SID chart explanation[PDF]

Introduction

This document will explain the standard instrument departure charts named SID charts. These charts are used when performing an IFR departure from the considered airfield. This document will show you some commented examples.

Be aware that each country has its own chart presentation. You need to catch your information using a quick analysis of the chart.

Head of document

The head of document will tell you the type of chart, the name and ICAO code of the applicable airfield.

SIDcharts1.png


You can find also:

  • The list of departure routes depicted on the chart.
  • The transition altitude
SIDcharts2.png


Procedural charts: SID route and constraints

In the centre of the chart, there is the real SID route to follow.

The route to follow is depicted with black bold arrows starting from runway threshold to the first en-route point. A chart can contain one or several routes. The pilot has to select the right one to perform its flight.
SIDcharts3.png


Charted altitude/flight level restriction

Definition Representation Altitude Representation Flight Level
Altitude window _____

17000
10000

_____

FL220
FL100

At or Above altitude 5000 FL70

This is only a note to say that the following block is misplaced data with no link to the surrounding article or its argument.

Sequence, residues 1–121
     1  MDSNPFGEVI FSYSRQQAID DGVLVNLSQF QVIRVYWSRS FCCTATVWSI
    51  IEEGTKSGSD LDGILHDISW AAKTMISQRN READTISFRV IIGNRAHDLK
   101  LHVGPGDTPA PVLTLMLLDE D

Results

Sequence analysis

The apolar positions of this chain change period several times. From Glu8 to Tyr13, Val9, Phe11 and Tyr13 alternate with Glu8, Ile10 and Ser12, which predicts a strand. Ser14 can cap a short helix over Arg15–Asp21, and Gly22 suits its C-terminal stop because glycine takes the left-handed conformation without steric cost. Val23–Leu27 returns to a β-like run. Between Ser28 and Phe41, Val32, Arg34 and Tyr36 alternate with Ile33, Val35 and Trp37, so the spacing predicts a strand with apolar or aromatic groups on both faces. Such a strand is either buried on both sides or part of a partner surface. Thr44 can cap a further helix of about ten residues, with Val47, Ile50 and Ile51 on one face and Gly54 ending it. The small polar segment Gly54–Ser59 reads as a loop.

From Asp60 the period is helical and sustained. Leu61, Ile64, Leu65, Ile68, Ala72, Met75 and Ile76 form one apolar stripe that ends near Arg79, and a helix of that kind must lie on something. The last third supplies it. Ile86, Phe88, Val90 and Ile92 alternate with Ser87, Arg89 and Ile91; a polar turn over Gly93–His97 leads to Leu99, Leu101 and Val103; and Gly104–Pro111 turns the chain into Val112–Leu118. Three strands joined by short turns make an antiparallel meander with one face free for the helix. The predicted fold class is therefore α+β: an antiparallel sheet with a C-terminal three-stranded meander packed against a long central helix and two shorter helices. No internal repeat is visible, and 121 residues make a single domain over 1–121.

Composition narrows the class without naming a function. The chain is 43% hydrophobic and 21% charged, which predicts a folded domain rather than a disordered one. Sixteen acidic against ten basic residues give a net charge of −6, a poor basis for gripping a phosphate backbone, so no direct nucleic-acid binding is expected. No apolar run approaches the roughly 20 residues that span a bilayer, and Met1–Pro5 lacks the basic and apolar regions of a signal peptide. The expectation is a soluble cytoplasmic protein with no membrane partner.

At or Below altitude ____

5000

_____

FL200

Mandatory Altitude ____

3000

_____

FL140

Recommended procedure altitude 4000 FL90
Expected altitude Expect 6000 Expect FL80


Practical example

Hereunder, you can see the extract of the SID chart of LJLJ airport.

The air controlling unit has given to the pilot the BERTA1W departure.

We show you the elements to take into account:

SIDpic5.jpg
SIDpic6.jpg

See also

Reference

  • ICAO documentation Annex 4 - Aeronautical Charts - 11th Edition July 2009

Author

  • VID 150259 - Creation
  • VID 256272 - Wiki Integration

DATE OF SUBMISSION

  • 00:46, 14 May 2021

COPYRIGHT

  • This documentation is copyrighted as part of the intellectual property of the International Virtual Aviation Organisation.

DISCLAIMER

  • The content of this documentation is intended for aviation simulation only and must not be used for real aviation operations.